What is Inheritance Tax?
Inheritance Tax may be payable on an estate when somebody dies. When it comes to your inheritance though, it might be a good idea to check out someone like Albertson & Davidson, LLP to make sure that you will get your inheritance (just in case something goes wrong). if you aren’t sure of the changes that have happened in regards to inheritance tax, you might want to check out something like https://casfin.co.uk/taxation/inheritance-tax-what-is-changing/ to find out more.
Your estate is made up of the value of all the assets that you own at the date of your death, less any debts that you have.
What is Inheritance Tax payable on?
Inheritance Tax is payable on your estate. You calculate the value of your estate by adding up your assets such as your:
- money and investments
and then deducting
- any debts the deceased may have owed, including household bills and funeral expenses.
Inheritance Tax Threshold
Inheritance Tax in only payable if the value of an estate exceeds the threshold. The threshold is currently £325, 000.
Married couples or those in civil partnerships have an increased threshold.
Registered civil partners and married couples can effectively increase the threshold of their estate. Following the death of the first spouse or civil partner, the unused percentage of their Inheritance Tax threshold can be used against the estate of the second spouse or partner when they die. If you are after more information, why not research inheritance tax planning rates and advice information online!
Following the death of the second spouse or partner, the executors or personal representatives can claim to transfer the unused percentage of the first spouse or civil partner’s unused Inheritance Tax threshold to the second spouse or civil partner.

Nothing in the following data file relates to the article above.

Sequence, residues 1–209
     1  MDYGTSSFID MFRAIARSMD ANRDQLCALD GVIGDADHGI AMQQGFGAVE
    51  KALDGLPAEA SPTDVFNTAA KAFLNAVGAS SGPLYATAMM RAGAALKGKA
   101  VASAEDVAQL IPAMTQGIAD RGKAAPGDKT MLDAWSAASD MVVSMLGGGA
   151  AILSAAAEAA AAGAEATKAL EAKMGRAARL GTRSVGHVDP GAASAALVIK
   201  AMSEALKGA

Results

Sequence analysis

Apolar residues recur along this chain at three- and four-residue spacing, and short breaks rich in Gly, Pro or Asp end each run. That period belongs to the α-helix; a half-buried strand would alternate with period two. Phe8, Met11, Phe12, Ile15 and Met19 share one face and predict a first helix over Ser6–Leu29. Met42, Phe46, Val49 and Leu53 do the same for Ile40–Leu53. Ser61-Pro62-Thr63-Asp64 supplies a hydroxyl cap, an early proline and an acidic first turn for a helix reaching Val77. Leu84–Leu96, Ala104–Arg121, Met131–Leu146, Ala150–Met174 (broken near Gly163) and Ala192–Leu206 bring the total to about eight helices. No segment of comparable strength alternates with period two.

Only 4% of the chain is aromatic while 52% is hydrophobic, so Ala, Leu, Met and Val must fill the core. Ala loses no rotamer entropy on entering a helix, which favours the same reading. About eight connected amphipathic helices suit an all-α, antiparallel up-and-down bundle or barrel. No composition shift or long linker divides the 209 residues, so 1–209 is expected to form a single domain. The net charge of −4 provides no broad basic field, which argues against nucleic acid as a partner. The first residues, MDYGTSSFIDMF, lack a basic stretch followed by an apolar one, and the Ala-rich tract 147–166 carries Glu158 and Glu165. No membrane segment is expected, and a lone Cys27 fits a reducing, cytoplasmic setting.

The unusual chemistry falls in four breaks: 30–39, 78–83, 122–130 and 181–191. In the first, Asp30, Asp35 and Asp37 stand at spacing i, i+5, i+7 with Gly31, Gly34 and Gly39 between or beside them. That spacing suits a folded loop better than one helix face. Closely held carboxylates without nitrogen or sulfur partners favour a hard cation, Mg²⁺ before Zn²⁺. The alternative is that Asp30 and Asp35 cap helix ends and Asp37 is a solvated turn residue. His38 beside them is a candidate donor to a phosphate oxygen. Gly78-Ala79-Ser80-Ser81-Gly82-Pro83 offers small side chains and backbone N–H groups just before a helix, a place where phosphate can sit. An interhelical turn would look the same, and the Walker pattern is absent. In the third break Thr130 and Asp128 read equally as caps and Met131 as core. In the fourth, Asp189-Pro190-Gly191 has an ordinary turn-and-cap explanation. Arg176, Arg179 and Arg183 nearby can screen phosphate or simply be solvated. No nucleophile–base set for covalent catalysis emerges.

Inheritance Tax rates:
If the value of the estate exceeds the threshold of £325, 000, then tax is payable at
40% of the amount above the threshold
36% above the threshold, if the estate qualifies for the reduced-rate because of a charitable donation.
In order to qualify for the reduced rate (36%) of Inheritance Tax , a person must leave at least 10% of the net value of their estate to a qualifying charity. (The net value of an estate is the sum of all assets after deducting any debts, reliefs, liabilities, exemptions and the IHT threshold).
Who is responsible for paying Inheritance Tax?
Inheritance Tax is paid by different people in different circumstances. But, usually it is paid by the
personal representative using the funds from the estate
trustees on assets in, or transferred into, a trust.
In many instances, inheritance tax is paid by people who have received gifts, or who inherit assets from the deceased.
Inheritance Tax Exemptions and Reliefs
There are numerous ways of legally avoiding paying Inheritance Tax. There are also numerous exemptions and reliefs you may get. I have written an article which you can find here on ways you can reduce your inheritance tax expeditions and liabilities.
In short, some reliefs are: (for more detail, go to this article)
- Souse or Civil Partner Exemption.
- Charity exemption.
- Annual Exemption.
- Potentially Exempt Transfers (7 year rule).
- Small Gift Exemptions.
- Wedding and Civil Partnership gifts.
- Business Relief.